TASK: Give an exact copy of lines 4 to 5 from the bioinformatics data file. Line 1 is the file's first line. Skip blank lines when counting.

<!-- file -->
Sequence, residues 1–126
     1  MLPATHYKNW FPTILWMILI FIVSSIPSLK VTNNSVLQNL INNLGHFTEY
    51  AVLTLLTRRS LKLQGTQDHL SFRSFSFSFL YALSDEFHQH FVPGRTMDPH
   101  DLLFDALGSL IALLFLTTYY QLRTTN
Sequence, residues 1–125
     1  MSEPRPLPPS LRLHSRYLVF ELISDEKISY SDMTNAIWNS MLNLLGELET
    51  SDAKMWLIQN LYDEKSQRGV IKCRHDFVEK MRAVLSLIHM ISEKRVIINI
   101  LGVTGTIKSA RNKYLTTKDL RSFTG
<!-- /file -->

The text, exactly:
   101  DLLFDALGSL IALLFLTTYY QLRTTN
Sequence, residues 1–125